Enormous Crime: The Definitive Account of American POWs Abandoned in Southeast Asia
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Enormous Crime: The Definitive Account of American POWs Abandoned in Southeast Asia

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by Bill Hendon, Elizabeth A. Stewart

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An Enormous Crime is nothing less than shocking. Based on thousands of pages of public and previously classified documents, it makes an utterly convincing case that when the American government withdrew its forces from Vietnam, it knowingly abandoned hundreds of POWs to their fate. The product of


An Enormous Crime is nothing less than shocking. Based on thousands of pages of public and previously classified documents, it makes an utterly convincing case that when the American government withdrew its forces from Vietnam, it knowingly abandoned hundreds of POWs to their fate. The product of twenty-five years of research by former Congressman Bill Hendon and attorney Elizabeth A. Stewart, this book brilliantly reveals the reasons why these American soldiers and airmen were held back by the North Vietnamese at Operation Homecoming in 1973, what these brave men have endured, and how administration after administration of their own government has turned its back on them.
This authoritative exposé is based on open-source documents and reports, and thousands of declassified intelligence reports and satellite imagery, as well as author interviews and personal experience. An Enormous Crime is a singular work, telling a story unlike any other in our history: ugly, harrowing, and true.

Editorial Reviews

From the Publisher

“A sprawling indictment of eight U.S. administrations. A convincing, urgent argument.” —Kirkus Reviews

“The descriptions of Hendon's. . . personal mission provide an intriguing story--and carry the ring of truth.” —Publishers Weekly

Kirkus Reviews
A sprawling indictment of eight U.S. administrations. The charge: sacrificing American war prisoners in the interest of focusing, as Bush aides have said, "not on Vietnam's past but on its future."Beginning in 1966, write former Rep. Hendon (R-NC) and attorney Stewart, GIs captured in South Vietnam were moved north along the Ho Chi Minh Trail and other routes. Cataloguing sightings with the diligence of Vincent Bugliosi-whose Reclaiming History (2007), on the JFK assassination, is something of a companion piece-Hendon and Stewart reckon that hundreds of POWs had crossed the Demilitarized Zone by the time of the Tet Offensive, their numbers swelled by pilots downed over North Vietnam. Many of these soldiers, Hendon and Stewart charge, were used as human shields against American bombing attacks on power plants, military headquarters and other strategically important venues. North Vietnam and its allies in Laos and Cambodia weren't particularly forthcoming on all these things, but the U.S. played a dirty hand, too; by the authors' account, the prisoners' ultimate release was bound up in negotiations conducted by Henry Kissinger, "the surrogate president," who reneged on promises of U.S. aid owing to supposed violations of previous accords, thus closing off a diplomatic channel for repatriation. Fast forward to 1987, when Ross Perot traveled to Vietnam and told the foreign minister, who insisted that there were no POWs there, "Don't embarrass yourselves, I know too much." Fruitful negotiations ensued, the authors report, only to be brushed aside by the Reagan administration-even though, they claim, at least 100 U.S. prisoners were still alive in Vietnam. Hendon and Stewart, who appearnonpartisan in their disdain for governmental inaction and double-dealing, close by offering advice to President Bush to send an army of former presidents and their staffs to negotiate the release of the remaining captives. Much of the authors' evidence is circumstantial, but there's an awful lot of it. A convincing, urgent argument.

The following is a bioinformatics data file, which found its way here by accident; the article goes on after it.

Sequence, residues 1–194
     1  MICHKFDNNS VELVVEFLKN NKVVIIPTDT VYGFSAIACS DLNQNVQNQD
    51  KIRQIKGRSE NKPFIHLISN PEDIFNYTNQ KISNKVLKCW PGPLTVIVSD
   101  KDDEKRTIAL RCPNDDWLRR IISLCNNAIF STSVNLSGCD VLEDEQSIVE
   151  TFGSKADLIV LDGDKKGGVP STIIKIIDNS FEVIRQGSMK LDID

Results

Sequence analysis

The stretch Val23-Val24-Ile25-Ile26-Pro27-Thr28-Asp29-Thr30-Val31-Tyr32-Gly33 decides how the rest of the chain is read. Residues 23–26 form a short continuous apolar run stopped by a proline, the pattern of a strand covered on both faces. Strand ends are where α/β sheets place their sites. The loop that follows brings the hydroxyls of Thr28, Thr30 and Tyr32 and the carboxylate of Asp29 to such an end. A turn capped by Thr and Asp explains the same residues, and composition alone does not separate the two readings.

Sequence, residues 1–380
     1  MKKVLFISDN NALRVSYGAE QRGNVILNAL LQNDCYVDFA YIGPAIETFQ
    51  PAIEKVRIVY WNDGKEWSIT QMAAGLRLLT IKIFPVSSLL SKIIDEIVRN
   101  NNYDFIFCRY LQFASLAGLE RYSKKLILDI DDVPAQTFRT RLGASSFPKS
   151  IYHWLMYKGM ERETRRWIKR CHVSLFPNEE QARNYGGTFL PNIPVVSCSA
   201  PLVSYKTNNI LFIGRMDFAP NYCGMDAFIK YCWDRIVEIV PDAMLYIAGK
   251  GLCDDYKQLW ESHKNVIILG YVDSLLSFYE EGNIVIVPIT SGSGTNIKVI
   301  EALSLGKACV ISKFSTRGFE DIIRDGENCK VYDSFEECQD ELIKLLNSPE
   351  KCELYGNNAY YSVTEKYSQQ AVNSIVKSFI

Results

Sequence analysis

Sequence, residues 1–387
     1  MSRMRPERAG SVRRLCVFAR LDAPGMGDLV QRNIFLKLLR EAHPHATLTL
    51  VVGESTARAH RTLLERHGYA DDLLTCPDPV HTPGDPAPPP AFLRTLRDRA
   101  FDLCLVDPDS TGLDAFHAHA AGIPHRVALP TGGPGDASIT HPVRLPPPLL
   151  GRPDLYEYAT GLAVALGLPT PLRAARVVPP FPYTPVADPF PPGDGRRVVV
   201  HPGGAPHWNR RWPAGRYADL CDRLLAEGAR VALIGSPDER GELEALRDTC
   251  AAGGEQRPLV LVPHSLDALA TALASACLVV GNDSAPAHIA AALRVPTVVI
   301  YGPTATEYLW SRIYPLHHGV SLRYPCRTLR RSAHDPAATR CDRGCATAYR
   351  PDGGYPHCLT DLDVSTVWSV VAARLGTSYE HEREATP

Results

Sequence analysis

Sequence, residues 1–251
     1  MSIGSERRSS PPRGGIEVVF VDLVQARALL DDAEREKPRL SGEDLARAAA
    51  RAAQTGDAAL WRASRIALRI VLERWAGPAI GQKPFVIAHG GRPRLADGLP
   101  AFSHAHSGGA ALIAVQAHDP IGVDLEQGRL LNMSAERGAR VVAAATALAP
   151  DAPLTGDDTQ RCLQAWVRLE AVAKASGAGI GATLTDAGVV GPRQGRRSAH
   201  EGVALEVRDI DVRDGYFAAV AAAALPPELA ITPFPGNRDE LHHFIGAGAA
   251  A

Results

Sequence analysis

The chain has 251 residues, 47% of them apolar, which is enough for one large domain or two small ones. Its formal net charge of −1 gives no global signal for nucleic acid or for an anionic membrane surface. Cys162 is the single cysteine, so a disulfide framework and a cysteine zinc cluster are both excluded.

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St. Martin's Press
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An Enormous Crime